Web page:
Monday, November 10, 2008, 5:52 PM

Welcome to the first post-election edition of "Political GPS: Your Quick Route Through Law and Politics."

Change. It was the rallying cry of an historic campaign, and now an historic presidency. It has enveloped the financial services industry, where the government now has ownership stakes in major banks and insurance companies. With so many other urgent needs – two ongoing wars, energy independence, healthcare – more fundamental change is on the way.

What do these historic times portend for the regulation of political activity, especially lobbying and government ethics? Here’s what we expect:

  • In spite of the campaign rhetoric, we believe there will be more lobbying, not less. Why? There’s a new Administration, a new agenda, and a lot at stake for many important industries. The Obama administration will likely add more seats at the table, creating opportunities for businesses and advocacy groups to make their case. There will also be fewer earmarks, which may necessitate more advocacy. Jeff Birnbaum of the Washington Times, in a talk before the ASAE & Center for Association Leadership, called the prospect of growth in lobbying activity “an absolute certainty.” We agree.
  • Lobbying and ethics laws may be changed again. Don’t assume this will be a back-burner issue because the country faces more pressing problems. The McCain-Feingold law was passed just six months after 9/11. Besides, reform in this area fits with the President-elect’s emphasis on a new kind of politics and greater transparency in government.
  • What might the changes be? Expect calls for more disclosure of interactions between lobbyists and government officials. There will also be efforts to subject executive agencies to the same ethics restrictions that apply to Congress.
  • Will lobbyists find jobs in government? In this area, campaign rhetoric will likely yield to reality. The lobbying community has too much expertise and understanding of how government works to cross off lobbyists as potential hires. Yesterday, the Politico’s Jeanne Cummings told a conference hosted by the Greater Washington Board of Trade that the new Administration will bring on former lobbyists, but will keep them away from the same issues on which they’ve lobbied and will impose lengthier cooling-off periods.
  • The public financing system is in the political ICU. Major candidates routinely decline $45 million in funding for the primaries – money that isn’t available until January 1st of the election year, which is too late to compete in Iowa and New Hampshire. Watchdog groups want to see the system fixed and expect help from President-elect Obama, who supported reform legislation (S. 436) unveiled last year by Senator Feingold. But as the first major party candidate to reject public financing and instead tap the vast potential of the Internet to reach small donors, Senator Obama may have lost his enthusiasm for this issue. Obama wound up raising around $630 million – well in excess of the $84 million he could have received in taxpayer funding.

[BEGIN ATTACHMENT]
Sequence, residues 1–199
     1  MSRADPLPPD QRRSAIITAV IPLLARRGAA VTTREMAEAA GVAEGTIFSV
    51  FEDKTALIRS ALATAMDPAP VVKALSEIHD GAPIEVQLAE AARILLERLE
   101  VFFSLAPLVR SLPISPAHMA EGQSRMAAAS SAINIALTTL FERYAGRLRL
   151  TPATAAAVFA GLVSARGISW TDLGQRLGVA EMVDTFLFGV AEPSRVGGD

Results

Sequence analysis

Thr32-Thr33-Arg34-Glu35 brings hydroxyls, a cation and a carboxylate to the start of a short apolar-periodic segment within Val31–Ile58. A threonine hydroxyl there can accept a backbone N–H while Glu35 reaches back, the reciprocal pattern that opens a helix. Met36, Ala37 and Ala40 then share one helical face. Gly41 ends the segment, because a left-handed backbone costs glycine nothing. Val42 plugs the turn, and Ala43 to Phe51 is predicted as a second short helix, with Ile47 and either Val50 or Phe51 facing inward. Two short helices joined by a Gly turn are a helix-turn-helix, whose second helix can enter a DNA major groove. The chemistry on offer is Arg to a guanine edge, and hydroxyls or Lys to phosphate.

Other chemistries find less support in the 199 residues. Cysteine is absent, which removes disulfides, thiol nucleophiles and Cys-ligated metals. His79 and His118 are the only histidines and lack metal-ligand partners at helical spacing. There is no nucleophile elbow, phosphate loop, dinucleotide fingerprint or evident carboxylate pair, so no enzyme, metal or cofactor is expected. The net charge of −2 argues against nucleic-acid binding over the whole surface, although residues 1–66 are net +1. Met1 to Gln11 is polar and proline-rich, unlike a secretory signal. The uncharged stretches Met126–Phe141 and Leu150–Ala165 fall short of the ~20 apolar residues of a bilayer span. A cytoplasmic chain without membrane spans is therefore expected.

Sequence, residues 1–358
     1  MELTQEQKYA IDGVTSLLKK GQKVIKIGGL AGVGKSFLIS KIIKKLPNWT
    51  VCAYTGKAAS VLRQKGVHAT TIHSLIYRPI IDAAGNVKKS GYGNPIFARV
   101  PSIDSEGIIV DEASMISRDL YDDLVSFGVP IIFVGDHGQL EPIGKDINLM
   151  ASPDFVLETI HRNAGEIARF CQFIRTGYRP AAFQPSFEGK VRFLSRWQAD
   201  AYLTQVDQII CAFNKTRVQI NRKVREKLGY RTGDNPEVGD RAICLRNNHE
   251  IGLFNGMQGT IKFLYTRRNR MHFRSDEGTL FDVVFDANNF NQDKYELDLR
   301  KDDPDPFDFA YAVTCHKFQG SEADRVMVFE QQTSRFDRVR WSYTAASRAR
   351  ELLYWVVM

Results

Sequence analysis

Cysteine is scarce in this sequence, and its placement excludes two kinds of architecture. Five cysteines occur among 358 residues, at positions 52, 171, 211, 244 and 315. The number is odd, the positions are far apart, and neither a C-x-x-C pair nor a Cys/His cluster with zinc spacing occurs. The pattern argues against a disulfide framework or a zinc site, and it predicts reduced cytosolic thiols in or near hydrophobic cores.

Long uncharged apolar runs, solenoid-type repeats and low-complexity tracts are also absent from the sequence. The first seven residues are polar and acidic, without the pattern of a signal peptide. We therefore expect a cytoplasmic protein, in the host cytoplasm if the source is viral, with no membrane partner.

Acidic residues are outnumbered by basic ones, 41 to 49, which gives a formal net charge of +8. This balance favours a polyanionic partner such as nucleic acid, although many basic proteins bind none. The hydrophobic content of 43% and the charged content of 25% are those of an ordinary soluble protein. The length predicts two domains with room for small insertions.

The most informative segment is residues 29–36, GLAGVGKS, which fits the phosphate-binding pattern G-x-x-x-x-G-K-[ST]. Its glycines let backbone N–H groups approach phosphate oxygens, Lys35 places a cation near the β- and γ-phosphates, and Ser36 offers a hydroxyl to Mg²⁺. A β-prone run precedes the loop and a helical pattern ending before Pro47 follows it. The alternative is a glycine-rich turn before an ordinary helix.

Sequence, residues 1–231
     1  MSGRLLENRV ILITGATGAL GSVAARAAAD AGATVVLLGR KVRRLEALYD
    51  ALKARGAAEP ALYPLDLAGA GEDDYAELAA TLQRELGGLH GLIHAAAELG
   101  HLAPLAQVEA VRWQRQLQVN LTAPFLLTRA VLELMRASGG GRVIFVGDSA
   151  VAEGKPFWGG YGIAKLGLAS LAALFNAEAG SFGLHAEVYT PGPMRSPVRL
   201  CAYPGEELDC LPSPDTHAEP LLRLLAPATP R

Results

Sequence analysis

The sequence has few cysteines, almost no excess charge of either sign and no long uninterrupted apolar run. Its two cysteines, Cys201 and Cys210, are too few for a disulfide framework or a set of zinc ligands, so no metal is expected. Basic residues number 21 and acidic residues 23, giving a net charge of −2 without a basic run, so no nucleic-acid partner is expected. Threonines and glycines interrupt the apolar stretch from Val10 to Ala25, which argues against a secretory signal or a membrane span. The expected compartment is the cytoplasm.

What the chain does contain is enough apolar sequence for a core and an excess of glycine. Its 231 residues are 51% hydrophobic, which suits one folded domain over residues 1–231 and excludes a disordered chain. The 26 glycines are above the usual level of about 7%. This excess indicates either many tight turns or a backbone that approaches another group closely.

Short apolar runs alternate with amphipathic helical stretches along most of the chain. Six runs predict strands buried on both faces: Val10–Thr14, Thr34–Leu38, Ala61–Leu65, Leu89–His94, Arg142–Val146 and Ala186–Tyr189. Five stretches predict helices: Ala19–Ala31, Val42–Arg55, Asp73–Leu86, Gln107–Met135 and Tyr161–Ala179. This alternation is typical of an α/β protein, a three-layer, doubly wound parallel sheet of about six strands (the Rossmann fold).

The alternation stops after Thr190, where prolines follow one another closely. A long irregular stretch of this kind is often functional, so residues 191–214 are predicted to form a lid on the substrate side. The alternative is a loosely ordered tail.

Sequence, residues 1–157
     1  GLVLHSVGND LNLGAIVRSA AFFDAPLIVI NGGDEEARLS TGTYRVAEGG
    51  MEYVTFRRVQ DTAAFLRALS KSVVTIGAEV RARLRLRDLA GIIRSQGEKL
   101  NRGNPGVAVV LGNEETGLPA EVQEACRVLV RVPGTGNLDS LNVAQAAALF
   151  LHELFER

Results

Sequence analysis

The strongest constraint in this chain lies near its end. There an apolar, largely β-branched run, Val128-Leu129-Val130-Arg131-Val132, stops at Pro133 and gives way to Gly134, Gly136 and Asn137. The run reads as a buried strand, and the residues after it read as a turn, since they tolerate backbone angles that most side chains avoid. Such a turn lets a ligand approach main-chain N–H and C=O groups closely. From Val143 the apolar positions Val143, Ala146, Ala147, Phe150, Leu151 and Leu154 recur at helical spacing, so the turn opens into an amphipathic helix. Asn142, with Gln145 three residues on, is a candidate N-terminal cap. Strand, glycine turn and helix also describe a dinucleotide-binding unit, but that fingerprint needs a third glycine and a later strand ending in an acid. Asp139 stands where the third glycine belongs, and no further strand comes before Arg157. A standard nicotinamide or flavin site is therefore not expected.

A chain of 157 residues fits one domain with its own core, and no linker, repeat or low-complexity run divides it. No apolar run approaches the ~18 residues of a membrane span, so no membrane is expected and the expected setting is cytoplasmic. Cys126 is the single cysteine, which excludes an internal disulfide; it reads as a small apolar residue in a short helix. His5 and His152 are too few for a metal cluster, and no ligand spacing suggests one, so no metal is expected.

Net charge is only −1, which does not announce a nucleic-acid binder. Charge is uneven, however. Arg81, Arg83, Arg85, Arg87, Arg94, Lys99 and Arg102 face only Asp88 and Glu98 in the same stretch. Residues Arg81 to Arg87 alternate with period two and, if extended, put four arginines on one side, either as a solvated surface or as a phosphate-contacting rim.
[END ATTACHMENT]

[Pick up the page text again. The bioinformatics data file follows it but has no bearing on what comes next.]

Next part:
• The law may be changed to require greater disclosure of campaign contributions. Federal law requires campaigns and other PACs to identify donors who contribute over $200. Contributions under that amount are merely reported as a lump sum. In the pre-Internet age, no one could have conceived of raising tens of millions of dollars in such small contributions. Now someone has, and a vast amount of money went unreported.
  • There may be an effort for more regulation of political spending by outside groups, especially 501(c) organizations. Millions of dollars were spent by these groups in key Congressional races. Members of Congress tend to notice this sort of thing.
  • While the FEC is generally immune to the shock of regime change - the result of a politically divided six-member Commission and a rotating Chairman with weak powers - all signals are that the FEC will be active in the coming months. The Commission is poised to adopt new bundling rules and has been ordered by the courts to re-write its rules governing coordination with candidates and parties. A backlog remains in the enforcement docket. Political committees may face new obligations to screen contributions from small donors and those made by pre-paid credit cards. Audits of some of the Presidential campaigns are also on the horizon. The law requires an audit of the McCain campaign because it accepted public funding. On the other hand, the Obama campaign, which did not take public money, will only be audited if at least four of the six FEC Commissioners vote to authorize it.

The Who said "the change, it had to come." Well, it certainly has in a dramatic manner, and the rules-of-the-road for political activity, lobbying, and ethics rules will change too.

If you have any questions or would like more information, please feel free to contact Larry (LNorton@wcsr.com, (202) 857-4429) or Jim (JKahl@wcsr.com, (202) 857-4417).

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